Summer's heat is finally starting to fade. With that, consumers also should begin to see some relief from higher summer gas prices. While risks to price spikes remain, including the crisis in the Middle East boiling over or a hurricane hitting the gulf, September is usually the time when gas prices begin descending.
According to GasBuddy.com, the U.S. average for the price of gas is $3.60 per gallon, which is about $0.20 cheaper than a year ago. Some Americans are paying well over that price, while others enjoy relatively cheaper gas. Ever wonder why that is? Let's take a closer look at what goes into the price of gas to see what consumers are really paying for.
The crude reality of gas prices
As the graphic to the right indicates, 70% of the price of gas as of July was directly related to the price of crude oil. Two months before that, crude oil represented 67% of the price at the pump. Because the price of crude oil varies, so does its portion of the price of gasoline. Basically, as the price of crude oil goes up, consumers can expect the price of gasoline to follow it higher.
We like to blame OPEC for our pain at the pump, and to some extent that's true. Last year the U.S. imported about 10.6 million barrels of petroleum per day from about 80 different countries. Of that total, about 28% came from Canada, while OPEC countries represented around 40% of imports. That being said, only 40% of the petroleum consumed in the U.S. was imported last year, which was the lowest level since 1991. In fact, total oil imports dropped 6.9% last year, thanks to booming North American oil production.
That means 60% of our oil is home-made, so to speak. Many companies benefit from producing oil here at home each year, with one example being Northern Oil and Gas (NYSEMKT:NOG). The company has really benefited from its small role in reducing our total oil imports. In fact, its revenue has grown by a three-year average of 237%, while its profits have jumped 122% over that same time frame. That growth has fueled its rise to No. 7 on Fortune's list of fastest-growing companies. Northern Oil and Gas represents one of the many smaller U.S.-based oil companies that make money each time Americans fill up.
Next in line to take a share of the price of gas are refining companies such as Phillips 66 (NYSE:PSX) and Valero (NYSE:VLO). What's most interesting here is that the general trend since the financial crisis is that Americans have been driving less. However, despite booming production in North America, which has caused the price of oil in the U.S. to trade at a discount to the global benchmark, gas prices have remained high as refining companies export more gasoline, which is keeping the price elevated.
Phillips 66 said last year that it was planning to double its exports by 2014 in an effort to get better pricing for its refined products. Its top competitor, Valero, is also focusing on exporting increased volumes. In fact, last quarter alone it exported an average of 240,000 barrels a day, which is just over 9% of its total daily processing volume. Bottom line here: While the U.S. is producing more of its own oil, we're also exporting more of our own gasoline, which is keeping prices at the pump higher.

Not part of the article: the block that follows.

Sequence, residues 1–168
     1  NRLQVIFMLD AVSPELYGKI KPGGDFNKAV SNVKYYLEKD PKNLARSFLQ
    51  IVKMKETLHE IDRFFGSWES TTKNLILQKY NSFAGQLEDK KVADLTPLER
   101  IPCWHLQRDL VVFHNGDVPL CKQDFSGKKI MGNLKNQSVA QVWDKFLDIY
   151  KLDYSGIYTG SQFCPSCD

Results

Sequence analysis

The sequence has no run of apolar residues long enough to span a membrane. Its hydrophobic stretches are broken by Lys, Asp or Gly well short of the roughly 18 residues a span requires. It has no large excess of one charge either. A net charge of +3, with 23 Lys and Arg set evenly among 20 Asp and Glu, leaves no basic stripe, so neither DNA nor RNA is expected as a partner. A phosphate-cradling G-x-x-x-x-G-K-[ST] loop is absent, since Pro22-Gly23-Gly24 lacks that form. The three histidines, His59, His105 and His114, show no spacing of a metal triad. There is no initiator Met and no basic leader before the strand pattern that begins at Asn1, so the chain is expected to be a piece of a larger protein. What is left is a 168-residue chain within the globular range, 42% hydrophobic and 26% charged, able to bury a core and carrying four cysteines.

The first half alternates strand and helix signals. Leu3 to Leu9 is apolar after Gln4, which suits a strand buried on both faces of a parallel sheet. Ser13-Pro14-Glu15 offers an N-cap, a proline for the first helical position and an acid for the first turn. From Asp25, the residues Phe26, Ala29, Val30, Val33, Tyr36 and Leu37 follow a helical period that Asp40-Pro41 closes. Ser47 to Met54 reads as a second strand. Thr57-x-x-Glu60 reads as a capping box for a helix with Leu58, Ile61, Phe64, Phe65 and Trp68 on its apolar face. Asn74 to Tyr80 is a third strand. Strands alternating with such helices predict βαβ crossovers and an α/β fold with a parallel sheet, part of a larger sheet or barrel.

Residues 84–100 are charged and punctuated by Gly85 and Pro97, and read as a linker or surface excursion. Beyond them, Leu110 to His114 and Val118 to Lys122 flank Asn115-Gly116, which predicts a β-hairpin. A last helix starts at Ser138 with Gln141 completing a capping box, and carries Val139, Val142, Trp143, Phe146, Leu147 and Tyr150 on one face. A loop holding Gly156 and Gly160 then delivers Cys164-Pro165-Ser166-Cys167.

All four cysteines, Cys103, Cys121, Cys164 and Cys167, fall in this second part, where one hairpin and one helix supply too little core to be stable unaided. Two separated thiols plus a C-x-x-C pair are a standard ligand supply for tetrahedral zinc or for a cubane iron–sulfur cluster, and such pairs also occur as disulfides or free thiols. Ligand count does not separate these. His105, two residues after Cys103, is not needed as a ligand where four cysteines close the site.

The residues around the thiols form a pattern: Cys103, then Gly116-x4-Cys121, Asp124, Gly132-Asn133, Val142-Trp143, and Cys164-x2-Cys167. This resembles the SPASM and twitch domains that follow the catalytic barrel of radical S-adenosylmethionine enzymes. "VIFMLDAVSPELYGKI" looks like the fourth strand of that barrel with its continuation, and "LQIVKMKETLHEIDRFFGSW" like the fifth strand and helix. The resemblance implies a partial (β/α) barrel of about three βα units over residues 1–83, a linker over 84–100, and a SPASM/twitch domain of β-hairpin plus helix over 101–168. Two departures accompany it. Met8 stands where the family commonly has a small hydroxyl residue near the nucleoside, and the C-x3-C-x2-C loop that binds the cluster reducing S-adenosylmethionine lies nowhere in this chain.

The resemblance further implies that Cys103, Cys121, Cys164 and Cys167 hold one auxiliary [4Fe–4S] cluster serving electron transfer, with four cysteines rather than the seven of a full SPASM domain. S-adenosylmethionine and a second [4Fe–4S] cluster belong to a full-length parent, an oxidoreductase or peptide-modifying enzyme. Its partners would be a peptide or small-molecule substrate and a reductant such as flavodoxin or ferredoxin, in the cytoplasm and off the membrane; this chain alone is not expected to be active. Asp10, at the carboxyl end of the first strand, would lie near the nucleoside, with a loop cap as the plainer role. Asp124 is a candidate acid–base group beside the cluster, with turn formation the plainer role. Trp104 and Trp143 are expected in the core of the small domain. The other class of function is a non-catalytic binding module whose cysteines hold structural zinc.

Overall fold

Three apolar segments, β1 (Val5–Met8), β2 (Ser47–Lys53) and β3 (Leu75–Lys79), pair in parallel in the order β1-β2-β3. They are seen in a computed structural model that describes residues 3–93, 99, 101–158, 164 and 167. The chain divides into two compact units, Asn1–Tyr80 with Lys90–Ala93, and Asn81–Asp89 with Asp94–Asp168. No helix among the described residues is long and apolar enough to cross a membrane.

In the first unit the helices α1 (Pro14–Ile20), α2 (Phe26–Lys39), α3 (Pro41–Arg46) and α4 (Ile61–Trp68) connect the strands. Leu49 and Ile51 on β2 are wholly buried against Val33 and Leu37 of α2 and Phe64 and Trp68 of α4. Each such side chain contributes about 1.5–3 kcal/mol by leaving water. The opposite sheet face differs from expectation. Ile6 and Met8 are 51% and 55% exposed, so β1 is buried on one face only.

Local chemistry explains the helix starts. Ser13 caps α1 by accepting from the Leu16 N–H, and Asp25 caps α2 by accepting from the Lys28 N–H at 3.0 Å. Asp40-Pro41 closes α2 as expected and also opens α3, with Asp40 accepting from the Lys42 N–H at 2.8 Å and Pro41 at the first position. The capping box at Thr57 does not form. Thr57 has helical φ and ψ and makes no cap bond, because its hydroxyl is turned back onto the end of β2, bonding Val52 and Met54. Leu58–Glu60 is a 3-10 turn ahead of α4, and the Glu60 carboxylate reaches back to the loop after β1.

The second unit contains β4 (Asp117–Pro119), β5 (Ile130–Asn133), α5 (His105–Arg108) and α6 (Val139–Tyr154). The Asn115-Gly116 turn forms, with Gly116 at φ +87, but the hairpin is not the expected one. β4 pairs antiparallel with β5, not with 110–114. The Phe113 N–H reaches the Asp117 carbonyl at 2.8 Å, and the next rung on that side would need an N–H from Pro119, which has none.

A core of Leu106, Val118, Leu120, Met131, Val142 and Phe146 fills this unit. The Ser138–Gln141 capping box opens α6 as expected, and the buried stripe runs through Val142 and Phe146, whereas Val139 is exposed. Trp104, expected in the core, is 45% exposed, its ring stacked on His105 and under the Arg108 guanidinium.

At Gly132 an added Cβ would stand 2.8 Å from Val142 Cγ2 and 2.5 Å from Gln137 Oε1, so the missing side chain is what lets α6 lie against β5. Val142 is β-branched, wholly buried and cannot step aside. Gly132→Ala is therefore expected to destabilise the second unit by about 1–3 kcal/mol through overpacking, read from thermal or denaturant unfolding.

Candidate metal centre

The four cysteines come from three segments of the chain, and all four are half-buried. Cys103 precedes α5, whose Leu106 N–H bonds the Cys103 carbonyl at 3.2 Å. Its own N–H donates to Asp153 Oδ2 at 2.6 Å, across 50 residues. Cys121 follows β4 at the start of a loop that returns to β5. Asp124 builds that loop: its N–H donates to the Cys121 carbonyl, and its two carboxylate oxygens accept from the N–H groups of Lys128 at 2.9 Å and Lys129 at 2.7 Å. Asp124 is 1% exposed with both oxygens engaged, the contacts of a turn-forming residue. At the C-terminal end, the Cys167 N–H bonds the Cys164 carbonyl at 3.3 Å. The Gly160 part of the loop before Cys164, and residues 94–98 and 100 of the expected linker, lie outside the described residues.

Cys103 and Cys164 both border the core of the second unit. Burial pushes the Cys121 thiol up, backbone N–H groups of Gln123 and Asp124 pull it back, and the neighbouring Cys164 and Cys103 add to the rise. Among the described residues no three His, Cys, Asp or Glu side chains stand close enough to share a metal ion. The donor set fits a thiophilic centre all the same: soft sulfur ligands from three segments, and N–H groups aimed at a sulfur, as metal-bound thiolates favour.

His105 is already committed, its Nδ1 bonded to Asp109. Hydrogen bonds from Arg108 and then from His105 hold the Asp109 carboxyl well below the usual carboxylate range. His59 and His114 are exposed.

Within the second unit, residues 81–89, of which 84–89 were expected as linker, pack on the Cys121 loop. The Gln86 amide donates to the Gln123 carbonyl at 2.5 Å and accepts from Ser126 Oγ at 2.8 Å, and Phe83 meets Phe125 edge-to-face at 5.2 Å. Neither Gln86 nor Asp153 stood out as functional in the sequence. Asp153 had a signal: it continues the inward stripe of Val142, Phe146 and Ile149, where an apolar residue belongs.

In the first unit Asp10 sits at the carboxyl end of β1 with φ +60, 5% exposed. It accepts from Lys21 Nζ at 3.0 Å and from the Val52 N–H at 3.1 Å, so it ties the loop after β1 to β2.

Convenience comes with a price
A third piece to the gasoline puzzle involves the distributing and marketing costs. We like to blame the corner store for profiting from the price of gasoline, but truth be told, the margins per gallon are typically squeezed when the price of oil runs up. In fact, this past July, the average retail margin went from a fairly healthy $0.21 per gallon to less than $0.06.
This is a trend that's hurting recent Valero retail store spinoff CST Brands (NYSE:CST), which saw its motor fuel gross margin nearly cut in half from $0.30 in the second quarter of last year to just $0.17 this past quarter. Retailers typically feel just as much pain at the pump as consumers when the price of oil begins to jump.
The taxman cometh
The final piece of the puzzle are gasoline taxes. This is where consumers can sometimes see the biggest difference, especially when taking a long road trip. For example, I live in South Carolina, which enjoys the lowest gas prices in the country at $3.24 per gallon. Meanwhile, my parents in upstate New York are paying $3.85 a gallon, which is well above the national average. One of the reasons is that South Carolina hasn't raised its gas tax for more than two decades. At about $0.35 per gallon, it's nearly half of the $0.68 per gallon my parents pay in New York.
Final Foolish thoughts
While oil prices really drive the price of gasoline, it's not the only thing fueling the price consumers pay. Instead, just as with real estate, gas prices can really be affected by location. That's why prices can be a real pain for some, while barely an annoyance for others. However, because the bulk of the price is based on where oil is trading, the only real way to take the sting out of the pain at the pump, other than moving, is to invest in an oil company.